The Bible: The Greatness of God


What does proper marital love look like?


..Isaiah 50:1-11

Thus says the Lord:
“Where is your mother’s certificate of divorce,
with which I sent her away?
Or which of my creditors is it
to whom I have sold you?
Behold, for your iniquities you were sold,
and for your transgressions your mother was sent away.
2 Why, when I came, was there no man;
why, when I called, was there no one to answer?
Is my hand shortened, that it cannot redeem?
Or have I no power to deliver?
Behold, by my rebuke I dry up the sea,
I make the rivers a desert;
their fish stink for lack of water
and die of thirst.
3 I clothe the heavens with blackness
and make sackcloth their covering.”
4 The Lord God has given me
the tongue of those who are taught,
that I may know how to sustain with a word
him who is weary.
Morning by morning he awakens;
he awakens my ear
to hear as those who are taught.
5 The Lord God has opened my ear,
and I was not rebellious;
I turned not backward.
6 I gave my back to those who strike,
and my cheeks to those who pull out the beard;
I hid not my face
from disgrace and spitting.
7 But the Lord God helps me;
therefore I have not been disgraced;
therefore I have set my face like a flint,
and I know that I shall not be put to shame.
8 He who vindicates me is near.
Who will contend with me?
Let us stand up together.
Who is my adversary?
Let him come near to me.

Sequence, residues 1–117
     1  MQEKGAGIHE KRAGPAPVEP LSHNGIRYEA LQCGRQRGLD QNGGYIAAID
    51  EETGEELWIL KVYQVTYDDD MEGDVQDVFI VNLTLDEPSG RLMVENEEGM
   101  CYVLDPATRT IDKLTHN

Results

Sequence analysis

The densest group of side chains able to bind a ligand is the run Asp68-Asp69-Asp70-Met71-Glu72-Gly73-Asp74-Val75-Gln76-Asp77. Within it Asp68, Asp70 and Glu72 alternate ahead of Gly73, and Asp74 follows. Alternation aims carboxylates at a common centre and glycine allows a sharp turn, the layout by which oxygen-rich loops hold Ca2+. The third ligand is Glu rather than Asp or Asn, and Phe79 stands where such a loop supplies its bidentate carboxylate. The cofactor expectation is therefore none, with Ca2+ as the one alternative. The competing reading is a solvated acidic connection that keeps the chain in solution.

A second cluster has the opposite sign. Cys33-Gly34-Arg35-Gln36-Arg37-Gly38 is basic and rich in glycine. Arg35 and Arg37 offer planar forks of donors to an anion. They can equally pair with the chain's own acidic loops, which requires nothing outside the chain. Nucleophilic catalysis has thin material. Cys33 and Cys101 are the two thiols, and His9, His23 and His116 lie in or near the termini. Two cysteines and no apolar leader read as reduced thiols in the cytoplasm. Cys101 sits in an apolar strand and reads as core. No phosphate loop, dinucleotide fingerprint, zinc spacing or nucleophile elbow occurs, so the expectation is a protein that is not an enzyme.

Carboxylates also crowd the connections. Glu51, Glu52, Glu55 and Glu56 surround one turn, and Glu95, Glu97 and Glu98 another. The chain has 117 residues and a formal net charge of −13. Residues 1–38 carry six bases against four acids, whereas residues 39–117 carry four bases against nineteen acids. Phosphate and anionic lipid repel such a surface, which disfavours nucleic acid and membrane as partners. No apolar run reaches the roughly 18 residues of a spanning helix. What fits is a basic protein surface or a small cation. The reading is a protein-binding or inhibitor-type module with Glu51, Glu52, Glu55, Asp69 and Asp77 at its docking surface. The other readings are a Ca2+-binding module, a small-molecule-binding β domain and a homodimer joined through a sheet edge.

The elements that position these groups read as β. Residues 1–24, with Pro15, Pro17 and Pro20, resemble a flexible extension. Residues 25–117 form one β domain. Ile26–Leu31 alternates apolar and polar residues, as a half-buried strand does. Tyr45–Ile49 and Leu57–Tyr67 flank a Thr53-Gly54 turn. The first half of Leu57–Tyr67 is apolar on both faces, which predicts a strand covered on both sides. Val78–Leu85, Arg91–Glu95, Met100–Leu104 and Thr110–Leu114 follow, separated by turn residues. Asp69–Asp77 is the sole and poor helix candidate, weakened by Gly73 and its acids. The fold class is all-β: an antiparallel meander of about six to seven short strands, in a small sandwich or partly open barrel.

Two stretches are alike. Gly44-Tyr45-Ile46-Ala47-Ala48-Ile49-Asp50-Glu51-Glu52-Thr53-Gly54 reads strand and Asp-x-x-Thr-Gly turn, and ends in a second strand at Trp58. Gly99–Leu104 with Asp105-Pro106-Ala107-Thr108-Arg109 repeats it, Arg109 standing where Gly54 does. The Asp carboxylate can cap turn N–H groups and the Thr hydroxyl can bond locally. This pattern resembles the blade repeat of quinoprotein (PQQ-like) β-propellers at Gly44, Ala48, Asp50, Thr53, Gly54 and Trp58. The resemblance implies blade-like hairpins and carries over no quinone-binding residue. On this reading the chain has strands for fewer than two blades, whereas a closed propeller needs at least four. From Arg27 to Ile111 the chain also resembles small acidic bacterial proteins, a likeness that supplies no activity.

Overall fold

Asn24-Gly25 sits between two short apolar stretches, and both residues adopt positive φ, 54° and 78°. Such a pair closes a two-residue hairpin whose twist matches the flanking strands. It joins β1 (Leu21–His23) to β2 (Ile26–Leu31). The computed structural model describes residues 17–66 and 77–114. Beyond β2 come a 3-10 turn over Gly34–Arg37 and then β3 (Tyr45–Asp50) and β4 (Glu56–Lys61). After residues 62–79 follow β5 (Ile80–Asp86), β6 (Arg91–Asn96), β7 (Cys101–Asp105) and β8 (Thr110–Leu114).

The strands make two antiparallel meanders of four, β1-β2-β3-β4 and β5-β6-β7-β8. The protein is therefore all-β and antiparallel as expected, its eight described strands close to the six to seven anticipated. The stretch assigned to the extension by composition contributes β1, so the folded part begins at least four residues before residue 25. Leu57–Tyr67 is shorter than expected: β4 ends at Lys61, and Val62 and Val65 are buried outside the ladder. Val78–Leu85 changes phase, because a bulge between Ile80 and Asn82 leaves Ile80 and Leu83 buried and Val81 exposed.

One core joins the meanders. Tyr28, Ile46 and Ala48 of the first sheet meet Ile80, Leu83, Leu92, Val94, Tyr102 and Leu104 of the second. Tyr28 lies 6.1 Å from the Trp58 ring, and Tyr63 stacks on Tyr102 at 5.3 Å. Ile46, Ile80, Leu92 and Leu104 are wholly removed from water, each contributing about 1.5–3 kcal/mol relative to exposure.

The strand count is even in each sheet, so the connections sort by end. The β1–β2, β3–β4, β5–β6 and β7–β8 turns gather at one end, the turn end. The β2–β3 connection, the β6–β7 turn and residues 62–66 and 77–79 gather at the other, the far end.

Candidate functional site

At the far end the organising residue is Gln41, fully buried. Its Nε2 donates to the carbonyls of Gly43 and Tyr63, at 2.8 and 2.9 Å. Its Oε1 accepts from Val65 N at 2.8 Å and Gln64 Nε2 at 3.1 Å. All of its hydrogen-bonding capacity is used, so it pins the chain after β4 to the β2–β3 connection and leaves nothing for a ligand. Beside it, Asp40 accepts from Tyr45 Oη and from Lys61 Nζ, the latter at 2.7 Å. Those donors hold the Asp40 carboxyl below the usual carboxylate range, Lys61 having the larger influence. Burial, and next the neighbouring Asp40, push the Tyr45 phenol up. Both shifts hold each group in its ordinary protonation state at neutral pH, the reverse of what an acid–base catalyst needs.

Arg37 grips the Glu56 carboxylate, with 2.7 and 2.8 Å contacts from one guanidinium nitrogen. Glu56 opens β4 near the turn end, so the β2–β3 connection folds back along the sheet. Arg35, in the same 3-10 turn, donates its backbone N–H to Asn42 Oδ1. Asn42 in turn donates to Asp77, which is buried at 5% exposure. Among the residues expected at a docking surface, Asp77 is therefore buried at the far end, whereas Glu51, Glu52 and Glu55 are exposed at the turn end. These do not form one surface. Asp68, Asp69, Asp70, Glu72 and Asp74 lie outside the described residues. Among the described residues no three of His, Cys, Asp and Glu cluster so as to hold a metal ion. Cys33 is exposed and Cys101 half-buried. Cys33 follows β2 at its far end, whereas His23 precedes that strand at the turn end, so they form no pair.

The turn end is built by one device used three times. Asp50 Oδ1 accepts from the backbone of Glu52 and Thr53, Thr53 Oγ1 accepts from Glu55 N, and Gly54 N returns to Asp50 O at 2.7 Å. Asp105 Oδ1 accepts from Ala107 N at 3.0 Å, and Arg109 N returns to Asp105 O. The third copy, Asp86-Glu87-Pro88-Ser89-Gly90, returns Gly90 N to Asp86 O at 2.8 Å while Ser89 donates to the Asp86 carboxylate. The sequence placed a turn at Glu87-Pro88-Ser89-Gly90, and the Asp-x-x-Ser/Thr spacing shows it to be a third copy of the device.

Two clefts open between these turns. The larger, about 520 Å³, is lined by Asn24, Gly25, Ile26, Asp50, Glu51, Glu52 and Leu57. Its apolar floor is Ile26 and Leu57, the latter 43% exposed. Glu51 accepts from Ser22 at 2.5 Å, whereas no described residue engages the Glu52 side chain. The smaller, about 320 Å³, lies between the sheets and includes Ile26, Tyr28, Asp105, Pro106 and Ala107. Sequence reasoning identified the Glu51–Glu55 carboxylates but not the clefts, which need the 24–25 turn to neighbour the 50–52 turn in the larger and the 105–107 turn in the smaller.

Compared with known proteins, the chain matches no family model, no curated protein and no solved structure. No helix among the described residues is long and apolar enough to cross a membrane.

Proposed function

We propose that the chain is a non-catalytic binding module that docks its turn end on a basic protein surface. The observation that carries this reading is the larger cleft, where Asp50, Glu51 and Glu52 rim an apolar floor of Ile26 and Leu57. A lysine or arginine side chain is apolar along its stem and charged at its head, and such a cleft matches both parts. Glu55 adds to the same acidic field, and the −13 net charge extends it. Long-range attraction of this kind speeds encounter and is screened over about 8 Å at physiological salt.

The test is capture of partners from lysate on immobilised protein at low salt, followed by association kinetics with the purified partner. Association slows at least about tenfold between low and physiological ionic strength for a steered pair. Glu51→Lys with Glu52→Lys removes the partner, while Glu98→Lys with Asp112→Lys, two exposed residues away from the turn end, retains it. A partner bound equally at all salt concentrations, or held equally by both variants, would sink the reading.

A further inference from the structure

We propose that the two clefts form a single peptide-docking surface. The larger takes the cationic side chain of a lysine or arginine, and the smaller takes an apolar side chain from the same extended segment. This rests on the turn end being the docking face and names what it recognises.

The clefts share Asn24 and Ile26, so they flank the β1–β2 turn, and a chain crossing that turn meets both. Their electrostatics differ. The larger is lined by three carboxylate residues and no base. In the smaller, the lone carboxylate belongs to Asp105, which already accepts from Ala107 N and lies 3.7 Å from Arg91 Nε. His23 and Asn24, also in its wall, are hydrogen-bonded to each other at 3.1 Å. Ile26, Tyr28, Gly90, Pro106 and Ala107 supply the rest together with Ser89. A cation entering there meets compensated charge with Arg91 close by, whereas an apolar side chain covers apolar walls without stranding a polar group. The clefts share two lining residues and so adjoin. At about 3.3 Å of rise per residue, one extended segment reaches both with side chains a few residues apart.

9 Behold, the Lord God helps me;
who will declare me guilty?
Behold, all of them will wear out like a garment;
the moth will eat them up.
10 Who among you fears the Lord
and obeys the voice of his servant?
Let him who walks in darkness
and has no light
trust in the name of the Lord
and rely on his God.
11 Behold, all you who kindle a fire,
who equip yourselves with burning torches!
Walk by the light of your fire,
and by the torches that you have kindled!
This you have from my hand:
you shall lie down in torment.


In our meditations on the Story of God, we arrive today at the second half of the second section of the Old Testament Scriptures, known as the Prophets. The Former Prophets continued the narrative storyline from the entrance into the Promised Land to the exile from the Land. The Latter Prophets (Isaiah, Jeremiah, Ezekiel, and the Twelve) basically provide God the Holy Spirit’s commentary on what God did during that part of the narrative, combined with prophecies about what God would continue to do.

Structure of Isaiah

  • Opening message about present sin and future hope (1:1-6:13)
  • The Book of Immanuel (7:1-12:6)
  • Messages about the nations (13:1-23:18)
  • Apocalyptic vision of the triumph of Yahweh over evil (24:1-27:13)
  • Warnings of judgment and the glory of Yahweh’s power (28:1-35:10)
  • A narrative about deliverance from the Assyrians (36:1-39:8)
  • Comfort from the incomparable glory of Yahweh (40:1-48:22)
  • The ministry of the Servant of the Lord and restoration (49:1-55:13)
  • The future deliverance of God’s people and judgment of the wicked (56:1-66:24)

Important ideas in Isaiah